Today was one of the best days of my life.
Nothing significant happened. I didn’t get the job of my dreams or win the lottery or find a twenty on the sidewalk.
It snowed last night. The first real snow of the season and the whole way to school, the kids threw snow in the air like it was the first time they had ever seen it. They were full of joy. What an amazing start to the day.
The rest of my day was busy. It was the first day of Chanukah and I still had to get the last of the gifts and wrap everything and buy the potatoes for the latkes. I ran around like a chicken with my head chopped off. Usually, a day this busy is a recipe for exhaustion and crank. Not today though.
I got the kids early. My husband came home early. The gifts were wrapped and the kids and I made latkes together. Then we sat down to a family dinner and talked about our days. We lit candles together and then opened gifts. Each child got three; a book, something I thought they’d love, and PJs/bathrobe. Nothing grand. No tickets to Disney or a puppy. But, one after another, the kids opened gifts and exuded joy and appreciation, said that gift was the best gift ever. My son actually said “I need to leave the room for a minute, mommy,” after he opened his giant box of Lego. He left the room and screeched with glee.
They both said it was the best Chanukah ever and that they were the best gifts ever.
My eldest, my almost-nine-year-old daughter, had used some of the money she saved to buy me a necklace at her school’s Holiday Bazaar. It’s a beautiful necklace. It included a card that read: Dear Mom, You’ve done so much for me and now I’m doing something for you. This is a simble [sic] of my love for you. I hope you like it.”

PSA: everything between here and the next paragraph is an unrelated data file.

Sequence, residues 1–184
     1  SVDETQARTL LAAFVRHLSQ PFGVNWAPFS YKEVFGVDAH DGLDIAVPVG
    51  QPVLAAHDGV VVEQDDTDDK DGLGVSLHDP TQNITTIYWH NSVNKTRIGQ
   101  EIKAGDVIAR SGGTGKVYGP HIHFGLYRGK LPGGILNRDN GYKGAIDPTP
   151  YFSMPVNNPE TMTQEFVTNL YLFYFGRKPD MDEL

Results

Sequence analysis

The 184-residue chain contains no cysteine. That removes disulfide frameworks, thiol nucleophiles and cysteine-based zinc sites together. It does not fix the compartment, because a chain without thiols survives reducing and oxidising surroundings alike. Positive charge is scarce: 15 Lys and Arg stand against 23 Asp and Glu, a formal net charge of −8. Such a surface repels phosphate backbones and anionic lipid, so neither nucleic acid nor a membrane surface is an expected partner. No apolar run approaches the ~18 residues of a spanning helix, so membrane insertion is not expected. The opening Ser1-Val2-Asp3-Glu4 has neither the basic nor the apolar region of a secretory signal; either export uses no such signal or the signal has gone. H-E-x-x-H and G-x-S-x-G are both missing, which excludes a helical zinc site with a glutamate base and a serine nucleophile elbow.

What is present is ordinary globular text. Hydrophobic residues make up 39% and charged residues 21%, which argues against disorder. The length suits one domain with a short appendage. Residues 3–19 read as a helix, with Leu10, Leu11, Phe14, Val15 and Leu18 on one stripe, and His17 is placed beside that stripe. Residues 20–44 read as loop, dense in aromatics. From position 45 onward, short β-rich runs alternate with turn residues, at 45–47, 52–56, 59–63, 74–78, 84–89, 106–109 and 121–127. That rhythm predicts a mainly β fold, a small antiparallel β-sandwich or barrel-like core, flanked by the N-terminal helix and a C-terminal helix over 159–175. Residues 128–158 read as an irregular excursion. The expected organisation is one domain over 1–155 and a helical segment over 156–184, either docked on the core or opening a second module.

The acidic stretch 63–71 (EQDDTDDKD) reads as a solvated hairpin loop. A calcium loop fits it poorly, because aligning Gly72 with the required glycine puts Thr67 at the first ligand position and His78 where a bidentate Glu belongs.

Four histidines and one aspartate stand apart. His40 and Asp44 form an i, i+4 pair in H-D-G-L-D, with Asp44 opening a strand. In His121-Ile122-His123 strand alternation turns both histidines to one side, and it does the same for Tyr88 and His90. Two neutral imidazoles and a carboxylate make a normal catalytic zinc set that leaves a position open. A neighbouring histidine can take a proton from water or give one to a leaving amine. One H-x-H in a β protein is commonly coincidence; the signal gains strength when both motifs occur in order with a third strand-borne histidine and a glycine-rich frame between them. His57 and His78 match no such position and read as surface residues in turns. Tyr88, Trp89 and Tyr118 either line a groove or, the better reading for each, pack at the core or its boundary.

To say I like it would be the understatement of the year.
Half an hour after bedtime, I heard my 6.5-year-old in the bathroom. I went upstairs to find my daughter was in her new narwhal one-piece sleeper, lying by her door reading her new book by the hallway light. It was hard to be mad that she was up past her bedtime. I told her to go to sleep and she asked for a hug. I was on my knees and gave her a hug. My son came out from the bathroom and joined in the hug. There I was, in the hallway of the home I helped create, being embraced by the children I carried and cried over, telling me I’m a great mom and they love me.
I spend most days convinced I’m screwing it all up. My daughter can be sassy and my son, overdramatic (to say the least). They’re not great eaters. I yell too much.
But they’re good, loving, appreciative kids. They are kind and empathic. They’re happy.
I’m not perfect. I’m far from it. But every day, my biggest goal is to be good enough. I think that’s what made today so amazing.
Today, my kids, through their appreciation, through their joy, through their hugs and their words, let me know that I’m not totally screwing this parenting thing up. I’m a little bit of all right. And my husband and I are one hell of a team.
It’s amazing how a simple series events can combine to be more meaningful than anyone could imagine. It wasn’t an extraordinary day. Nothing significant happened. But in its simplicity, in its simple joys, it became an illustration of everything this spent mom needed to know; I’m doing alright.